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Quentin Tarantino is over being criticized because he is a white writer and director whose movies include the N-word.
In a recent interview for T: The New York Times Style Magazine, which was conducted by best-selling author Bret Easton Ellis, Tarantino said, “If you’ve made money being a critic in black culture in the last 20 years you have to deal with me.’’
The director of the upcoming film The Hateful Eight told the American Psycho author that he didn’t care when he was slammed in “savage think pieces” by black critics for 2012’s Django Unchained, but their motivation, in his opinion, bothered Tarantino.
“If people don’t like my movies, they don’t like my movies, and if they don’t get it, it doesn’t matter,” Tarantino said. “The bad taste that was left in my mouth had to do with this: It’s been a long time since the subject of a writer’s skin was mentioned as often as mine. You wouldn’t think the color of a writer’s skin should have any effect on the words themselves.”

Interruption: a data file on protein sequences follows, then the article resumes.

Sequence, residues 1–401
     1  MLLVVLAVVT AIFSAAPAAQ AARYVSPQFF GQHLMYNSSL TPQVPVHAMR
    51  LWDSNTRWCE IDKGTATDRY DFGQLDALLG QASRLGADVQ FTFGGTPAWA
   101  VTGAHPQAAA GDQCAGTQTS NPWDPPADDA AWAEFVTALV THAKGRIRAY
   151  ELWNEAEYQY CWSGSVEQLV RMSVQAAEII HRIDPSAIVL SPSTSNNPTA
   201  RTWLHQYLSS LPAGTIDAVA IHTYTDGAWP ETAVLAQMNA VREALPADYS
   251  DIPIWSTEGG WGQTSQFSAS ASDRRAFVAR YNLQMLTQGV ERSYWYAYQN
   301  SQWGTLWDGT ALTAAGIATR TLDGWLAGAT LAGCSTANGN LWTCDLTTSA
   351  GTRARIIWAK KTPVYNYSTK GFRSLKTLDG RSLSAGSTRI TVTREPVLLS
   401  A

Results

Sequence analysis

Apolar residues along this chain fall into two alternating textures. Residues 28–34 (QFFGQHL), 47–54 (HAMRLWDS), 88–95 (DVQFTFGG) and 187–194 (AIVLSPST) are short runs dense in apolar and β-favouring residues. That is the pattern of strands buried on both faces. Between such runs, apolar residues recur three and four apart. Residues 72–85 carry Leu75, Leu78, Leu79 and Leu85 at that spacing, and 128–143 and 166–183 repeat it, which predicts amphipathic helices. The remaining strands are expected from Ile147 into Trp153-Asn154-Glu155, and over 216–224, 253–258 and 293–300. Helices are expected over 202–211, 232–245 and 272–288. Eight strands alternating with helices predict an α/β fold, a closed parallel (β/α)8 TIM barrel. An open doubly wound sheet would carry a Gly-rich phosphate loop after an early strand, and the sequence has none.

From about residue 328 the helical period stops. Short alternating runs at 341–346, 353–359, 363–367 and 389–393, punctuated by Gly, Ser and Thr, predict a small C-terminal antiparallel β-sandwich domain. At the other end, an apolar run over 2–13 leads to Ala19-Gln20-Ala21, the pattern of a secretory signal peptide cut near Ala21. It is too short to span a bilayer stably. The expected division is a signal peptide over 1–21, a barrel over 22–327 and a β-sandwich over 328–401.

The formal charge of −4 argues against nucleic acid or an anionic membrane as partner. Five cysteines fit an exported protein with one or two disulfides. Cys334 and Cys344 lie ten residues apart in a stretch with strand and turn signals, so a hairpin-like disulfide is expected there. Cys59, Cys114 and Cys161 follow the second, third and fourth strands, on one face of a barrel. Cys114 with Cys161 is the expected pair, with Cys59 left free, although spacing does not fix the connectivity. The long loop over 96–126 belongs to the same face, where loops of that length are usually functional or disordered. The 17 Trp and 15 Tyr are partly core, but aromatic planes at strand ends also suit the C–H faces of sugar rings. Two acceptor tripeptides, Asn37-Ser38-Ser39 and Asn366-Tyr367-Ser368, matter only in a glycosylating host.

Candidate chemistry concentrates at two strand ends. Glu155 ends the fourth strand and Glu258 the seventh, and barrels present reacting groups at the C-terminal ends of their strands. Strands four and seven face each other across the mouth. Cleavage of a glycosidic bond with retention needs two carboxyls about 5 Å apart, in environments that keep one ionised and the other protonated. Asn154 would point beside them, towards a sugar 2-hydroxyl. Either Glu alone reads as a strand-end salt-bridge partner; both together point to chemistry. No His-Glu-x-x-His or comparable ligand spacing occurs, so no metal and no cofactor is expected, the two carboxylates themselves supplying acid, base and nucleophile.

Tarantino, who won a best original screenplay Oscar for the pre-Civil War era film about slave vengeance starring Jamie Foxx, said some critics really sunk in their teeth.
“In a lot of the more ugly pieces my motives were really brought to bear in the most negative way,” he said. “It’s like I’m some supervillain coming up with this stuff.”
One of the most vocal, high-profile critics was prolific filmmaker Spike Lee, who said he would never see the film.
American Slavery Was Not A Sergio Leone Spaghetti Western.It Was A Holocaust.My Ancestors Are Slaves.Stolen From Africa.I Will Honor Them.
— Spike Lee (@SpikeLee) December 22, 2012
Still, Tarantino said that now is the best time to “push buttons.”
“This is the best time to get out there because there actually is a genuine platform,” he added. “Now it’s being talked about.’’
The Hateful Eight will be released Christmas Day.
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